Cassie Davis never would’ve been able to afford college if she hadn’t been chosen for the prestigious Stevenson scholarship, which provides funding for groundbreaking research. Cassie’s project is on the problematic nature of fraternities and she plans to research it by going undercover as the first female pledge in Delta Tau Chi’s history. DTC is the most troublesome of all campus frats, having been in the news for their offensive and sexist practices, so this is sure to be some story.
Okay, so I have some mixed feelings about this book. On the one hand, I loved the writing. I found it easy to read, I thought it flowed really well, and I connected with the characters. On the flip side, the beginning feels more like a crash course on feminism than a YA contemporary about college life and while I didn’t necessarily have a problem with that, I can see it alienating some readers.
Anyway, I love that more YA is heading toward the college experience. I think it’s important to remember that 18-to-22-year-olds (college students) are still technically young adults and there’s a definite absence of literature that tackles their specific experience. Sure, there’s a lot of new adult set in college, but NA tends to focus more strongly on sex and relationship drama whereas YA is usually more focused on the big picture.
That said, I actually loved the little side romance. I thought it was adorable! It broke up what could have easily been a very heavy book about misogyny and sexism. I loved that Jordan was a frat boy who was also a legitimately good guy. I also really appreciated that a book that focuses on feminism included this little side romance because, for some reason, a lot of people are under the impression that feminism is inherently anti-male. Feminists are allowed to get crushes and flirt and have boyfriends, so thank you, Kiley Roache!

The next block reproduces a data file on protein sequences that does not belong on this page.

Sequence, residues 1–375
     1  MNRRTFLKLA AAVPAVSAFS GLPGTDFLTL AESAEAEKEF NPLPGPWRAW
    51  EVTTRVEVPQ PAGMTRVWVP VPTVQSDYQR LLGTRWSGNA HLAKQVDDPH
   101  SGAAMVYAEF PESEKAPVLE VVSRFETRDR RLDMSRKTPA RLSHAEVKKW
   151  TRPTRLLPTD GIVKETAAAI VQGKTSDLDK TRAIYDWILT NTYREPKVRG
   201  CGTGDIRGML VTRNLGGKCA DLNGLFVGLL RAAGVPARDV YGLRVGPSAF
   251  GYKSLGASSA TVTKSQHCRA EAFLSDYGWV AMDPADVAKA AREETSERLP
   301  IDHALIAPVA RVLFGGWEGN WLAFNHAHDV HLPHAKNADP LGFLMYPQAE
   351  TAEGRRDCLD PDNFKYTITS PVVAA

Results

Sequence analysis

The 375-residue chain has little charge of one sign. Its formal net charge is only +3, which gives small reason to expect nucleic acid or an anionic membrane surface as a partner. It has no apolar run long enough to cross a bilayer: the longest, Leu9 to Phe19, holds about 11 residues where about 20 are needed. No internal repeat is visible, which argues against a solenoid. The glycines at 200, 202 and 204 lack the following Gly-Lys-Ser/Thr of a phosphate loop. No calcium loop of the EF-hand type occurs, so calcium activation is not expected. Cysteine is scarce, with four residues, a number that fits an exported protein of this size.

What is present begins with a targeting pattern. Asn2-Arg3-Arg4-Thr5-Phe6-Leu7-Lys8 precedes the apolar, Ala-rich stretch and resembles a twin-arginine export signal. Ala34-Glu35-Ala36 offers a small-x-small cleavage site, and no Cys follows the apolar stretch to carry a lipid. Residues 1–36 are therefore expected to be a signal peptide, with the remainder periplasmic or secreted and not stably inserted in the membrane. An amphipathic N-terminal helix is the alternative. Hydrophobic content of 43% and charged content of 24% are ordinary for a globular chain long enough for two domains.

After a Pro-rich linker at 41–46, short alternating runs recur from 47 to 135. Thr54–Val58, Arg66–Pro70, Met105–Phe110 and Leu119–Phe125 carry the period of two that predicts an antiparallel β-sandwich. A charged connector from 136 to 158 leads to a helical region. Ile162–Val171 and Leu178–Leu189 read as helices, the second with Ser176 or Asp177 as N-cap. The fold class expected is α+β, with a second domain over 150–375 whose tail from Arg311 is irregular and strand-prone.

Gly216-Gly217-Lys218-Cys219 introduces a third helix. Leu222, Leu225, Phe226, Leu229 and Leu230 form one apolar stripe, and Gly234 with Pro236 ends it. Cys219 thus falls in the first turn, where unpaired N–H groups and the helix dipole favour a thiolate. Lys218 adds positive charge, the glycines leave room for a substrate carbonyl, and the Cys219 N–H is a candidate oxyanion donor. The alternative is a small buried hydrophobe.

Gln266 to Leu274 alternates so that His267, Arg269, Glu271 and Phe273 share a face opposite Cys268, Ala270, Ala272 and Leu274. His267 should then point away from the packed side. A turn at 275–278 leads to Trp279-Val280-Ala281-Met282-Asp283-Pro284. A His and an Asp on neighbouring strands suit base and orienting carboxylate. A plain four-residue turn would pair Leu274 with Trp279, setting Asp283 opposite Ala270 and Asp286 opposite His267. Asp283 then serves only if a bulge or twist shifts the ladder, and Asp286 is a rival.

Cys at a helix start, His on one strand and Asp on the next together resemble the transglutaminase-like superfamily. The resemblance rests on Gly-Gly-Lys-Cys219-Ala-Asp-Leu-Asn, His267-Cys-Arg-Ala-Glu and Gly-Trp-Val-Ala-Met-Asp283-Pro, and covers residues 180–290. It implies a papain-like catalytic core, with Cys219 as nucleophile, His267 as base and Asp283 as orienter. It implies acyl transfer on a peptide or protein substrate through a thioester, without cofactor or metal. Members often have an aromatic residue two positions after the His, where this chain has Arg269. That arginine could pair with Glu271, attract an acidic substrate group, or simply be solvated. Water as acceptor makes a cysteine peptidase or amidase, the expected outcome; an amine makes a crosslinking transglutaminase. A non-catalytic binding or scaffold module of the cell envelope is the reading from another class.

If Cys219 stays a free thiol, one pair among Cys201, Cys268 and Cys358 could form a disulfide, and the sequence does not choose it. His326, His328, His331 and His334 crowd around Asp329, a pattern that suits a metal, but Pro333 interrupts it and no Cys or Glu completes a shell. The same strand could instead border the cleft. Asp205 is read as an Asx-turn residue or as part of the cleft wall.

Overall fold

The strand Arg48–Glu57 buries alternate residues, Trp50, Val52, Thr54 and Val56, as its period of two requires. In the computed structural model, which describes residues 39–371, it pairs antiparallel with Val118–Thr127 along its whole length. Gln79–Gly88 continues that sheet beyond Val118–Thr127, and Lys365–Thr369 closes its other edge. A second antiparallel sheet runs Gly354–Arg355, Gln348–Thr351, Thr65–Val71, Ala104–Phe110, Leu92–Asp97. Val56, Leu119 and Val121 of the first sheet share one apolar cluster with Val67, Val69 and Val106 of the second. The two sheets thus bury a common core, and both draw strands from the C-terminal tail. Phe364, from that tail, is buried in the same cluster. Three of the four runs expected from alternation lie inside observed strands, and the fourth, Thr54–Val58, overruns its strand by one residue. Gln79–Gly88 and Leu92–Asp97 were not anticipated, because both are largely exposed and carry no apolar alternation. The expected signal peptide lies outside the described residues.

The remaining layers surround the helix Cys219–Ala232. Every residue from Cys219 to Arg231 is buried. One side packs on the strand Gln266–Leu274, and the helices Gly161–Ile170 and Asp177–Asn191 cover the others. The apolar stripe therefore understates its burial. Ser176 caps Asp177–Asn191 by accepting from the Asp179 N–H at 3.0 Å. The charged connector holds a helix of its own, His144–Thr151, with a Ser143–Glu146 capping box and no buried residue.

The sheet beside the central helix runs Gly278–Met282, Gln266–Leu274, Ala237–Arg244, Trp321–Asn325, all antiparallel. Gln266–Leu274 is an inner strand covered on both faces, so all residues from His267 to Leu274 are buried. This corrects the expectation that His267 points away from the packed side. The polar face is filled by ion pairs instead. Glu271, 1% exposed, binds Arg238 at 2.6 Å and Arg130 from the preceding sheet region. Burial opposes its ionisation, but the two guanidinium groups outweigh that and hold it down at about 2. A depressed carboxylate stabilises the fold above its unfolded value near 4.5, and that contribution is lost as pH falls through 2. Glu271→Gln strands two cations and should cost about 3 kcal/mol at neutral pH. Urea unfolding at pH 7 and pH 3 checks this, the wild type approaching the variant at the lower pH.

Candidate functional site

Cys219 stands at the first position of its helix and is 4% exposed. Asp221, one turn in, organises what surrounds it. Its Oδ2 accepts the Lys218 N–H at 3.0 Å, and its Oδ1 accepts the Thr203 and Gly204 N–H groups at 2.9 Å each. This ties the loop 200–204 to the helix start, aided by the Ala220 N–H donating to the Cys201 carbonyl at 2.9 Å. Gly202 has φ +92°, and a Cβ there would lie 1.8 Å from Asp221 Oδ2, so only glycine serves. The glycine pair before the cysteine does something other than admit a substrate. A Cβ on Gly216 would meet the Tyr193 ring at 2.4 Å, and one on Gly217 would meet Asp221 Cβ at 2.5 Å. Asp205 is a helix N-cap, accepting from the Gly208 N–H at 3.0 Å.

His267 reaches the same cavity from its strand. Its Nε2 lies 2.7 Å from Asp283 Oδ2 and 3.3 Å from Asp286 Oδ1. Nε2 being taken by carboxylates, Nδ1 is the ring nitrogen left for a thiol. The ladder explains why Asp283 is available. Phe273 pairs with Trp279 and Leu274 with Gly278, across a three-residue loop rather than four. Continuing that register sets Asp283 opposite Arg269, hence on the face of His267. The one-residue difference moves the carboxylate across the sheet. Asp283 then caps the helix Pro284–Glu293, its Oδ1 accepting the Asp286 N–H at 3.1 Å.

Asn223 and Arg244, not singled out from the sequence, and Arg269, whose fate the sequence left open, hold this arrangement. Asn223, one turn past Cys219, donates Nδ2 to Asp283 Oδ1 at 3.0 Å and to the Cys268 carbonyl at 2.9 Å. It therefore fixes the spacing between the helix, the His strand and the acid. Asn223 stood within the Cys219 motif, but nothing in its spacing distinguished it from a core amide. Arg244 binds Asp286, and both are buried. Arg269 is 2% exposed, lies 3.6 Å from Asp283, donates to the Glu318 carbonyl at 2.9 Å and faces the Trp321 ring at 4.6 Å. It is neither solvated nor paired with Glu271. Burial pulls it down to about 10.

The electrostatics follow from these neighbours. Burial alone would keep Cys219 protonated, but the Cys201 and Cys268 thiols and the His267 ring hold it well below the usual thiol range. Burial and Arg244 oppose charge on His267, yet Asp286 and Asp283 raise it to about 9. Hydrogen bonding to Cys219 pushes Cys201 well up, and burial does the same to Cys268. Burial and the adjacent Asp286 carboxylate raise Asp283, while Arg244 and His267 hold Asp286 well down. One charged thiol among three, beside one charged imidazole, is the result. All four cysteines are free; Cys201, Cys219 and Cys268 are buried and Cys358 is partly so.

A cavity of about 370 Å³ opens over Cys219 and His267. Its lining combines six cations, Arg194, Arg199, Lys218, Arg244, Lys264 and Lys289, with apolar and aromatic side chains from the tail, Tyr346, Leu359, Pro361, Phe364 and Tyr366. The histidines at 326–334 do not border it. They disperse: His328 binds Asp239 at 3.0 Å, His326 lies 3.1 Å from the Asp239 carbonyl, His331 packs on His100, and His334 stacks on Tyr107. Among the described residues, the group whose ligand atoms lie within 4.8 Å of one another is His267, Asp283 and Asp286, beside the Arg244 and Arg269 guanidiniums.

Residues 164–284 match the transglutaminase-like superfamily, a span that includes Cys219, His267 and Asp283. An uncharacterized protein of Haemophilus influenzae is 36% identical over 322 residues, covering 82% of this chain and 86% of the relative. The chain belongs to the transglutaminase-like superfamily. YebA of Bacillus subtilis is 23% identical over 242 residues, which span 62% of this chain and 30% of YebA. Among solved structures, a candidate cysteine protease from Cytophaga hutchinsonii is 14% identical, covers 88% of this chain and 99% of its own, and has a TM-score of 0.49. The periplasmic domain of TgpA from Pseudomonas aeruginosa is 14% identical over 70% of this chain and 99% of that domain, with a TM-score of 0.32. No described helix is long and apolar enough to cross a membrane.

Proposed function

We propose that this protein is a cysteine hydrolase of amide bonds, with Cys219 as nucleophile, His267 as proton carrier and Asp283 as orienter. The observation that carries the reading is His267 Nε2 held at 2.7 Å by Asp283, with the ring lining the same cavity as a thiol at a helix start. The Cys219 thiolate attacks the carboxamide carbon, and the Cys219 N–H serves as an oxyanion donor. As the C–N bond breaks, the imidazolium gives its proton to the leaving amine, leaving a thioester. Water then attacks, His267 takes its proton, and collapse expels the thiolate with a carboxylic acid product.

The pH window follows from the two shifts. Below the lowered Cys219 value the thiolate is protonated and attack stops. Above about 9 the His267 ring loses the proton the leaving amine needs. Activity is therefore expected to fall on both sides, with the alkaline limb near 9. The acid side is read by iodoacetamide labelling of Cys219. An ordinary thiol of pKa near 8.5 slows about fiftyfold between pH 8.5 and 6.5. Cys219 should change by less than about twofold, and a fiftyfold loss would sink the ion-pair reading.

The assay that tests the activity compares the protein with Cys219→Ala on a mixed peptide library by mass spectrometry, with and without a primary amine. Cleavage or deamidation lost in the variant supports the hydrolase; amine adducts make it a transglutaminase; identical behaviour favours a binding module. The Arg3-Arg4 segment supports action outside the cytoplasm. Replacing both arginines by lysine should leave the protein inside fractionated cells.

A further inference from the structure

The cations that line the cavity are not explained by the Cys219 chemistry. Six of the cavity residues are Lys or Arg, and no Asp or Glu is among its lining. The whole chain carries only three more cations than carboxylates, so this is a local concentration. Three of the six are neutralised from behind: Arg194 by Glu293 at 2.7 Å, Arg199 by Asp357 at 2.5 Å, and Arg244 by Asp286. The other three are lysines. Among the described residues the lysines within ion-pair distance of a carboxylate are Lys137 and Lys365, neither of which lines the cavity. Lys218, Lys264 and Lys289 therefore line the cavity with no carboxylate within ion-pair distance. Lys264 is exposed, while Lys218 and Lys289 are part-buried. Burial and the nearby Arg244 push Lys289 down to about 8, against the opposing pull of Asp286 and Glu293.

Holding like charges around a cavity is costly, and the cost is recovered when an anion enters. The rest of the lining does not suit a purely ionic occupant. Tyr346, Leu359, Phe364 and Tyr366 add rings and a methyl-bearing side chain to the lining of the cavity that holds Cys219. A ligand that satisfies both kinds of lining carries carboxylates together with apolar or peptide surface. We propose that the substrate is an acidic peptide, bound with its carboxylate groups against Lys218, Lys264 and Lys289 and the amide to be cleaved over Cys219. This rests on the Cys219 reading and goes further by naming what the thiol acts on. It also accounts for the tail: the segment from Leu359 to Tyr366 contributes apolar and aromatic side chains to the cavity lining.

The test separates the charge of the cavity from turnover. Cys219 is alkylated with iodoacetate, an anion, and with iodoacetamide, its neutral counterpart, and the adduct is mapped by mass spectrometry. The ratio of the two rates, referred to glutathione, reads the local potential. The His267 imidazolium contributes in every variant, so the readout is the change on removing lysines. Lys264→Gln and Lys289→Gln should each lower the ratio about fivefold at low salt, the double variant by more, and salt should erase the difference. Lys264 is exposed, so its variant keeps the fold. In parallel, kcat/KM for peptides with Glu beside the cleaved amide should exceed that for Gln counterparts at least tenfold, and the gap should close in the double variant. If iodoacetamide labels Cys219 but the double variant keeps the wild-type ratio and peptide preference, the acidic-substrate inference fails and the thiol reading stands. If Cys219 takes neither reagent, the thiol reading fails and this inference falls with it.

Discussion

This book is a little long for contemporary YA (~450 pages) but I actually ended up wanting more! I would’ve loved to see more interaction with Cassie’s advisor since a lot of the time it seemed like this 18-year-old girl was just dumped in the wilderness of a fraternity and left to fend for herself. I also would’ve liked to see the Stevenson people play a bigger role since they really only seemed to pop up to create drama.
Another thing that I would have liked – and other reviewers have brought this up as well – is for Cassie to have tackled typical hazing practices on top of the sexism. Cassie is rightfully upset by the sexism inherent in Greek life and she does her part to call it out when she sees it, but she goes along with the hazing rituals of binge drinking and humiliation without batting an eye.
I’m almost done with this review, but I just wanted to mention the side characters for a second. I already mentioned that I really connected with Cassie and thought Jordan was adorable, but there are also other really great side characters! Duncan acted as Cassie’s unofficial older brother/bodyguard in the frat and he was such a great guy. Cassie’s best friend, Alex, was a great character even when her actions were so frustrating. And Peter, the president of the frat, actually ended up being one of my favorite characters. We only got to see little glimpses of him but I would love to read a whole book about him.
Overall, I thought that Frat Girl was a great debut – and a great all-around book – from an inspiring author who’s still in college! The book kept me on the edge of my seat as I wondered how and when Cassie would be found out. I both loved and hated this since it created drama and kept me interested but it stressed me out so much! Let’s just say that it didn’t go the way I thought it would and Roache kept me on my toes for the whole book. Highly recommended.
Final rating: ★★★★☆
I received a free advance copy of Frat Girl from the publisher (via Netgalley) in exchange for my honest review.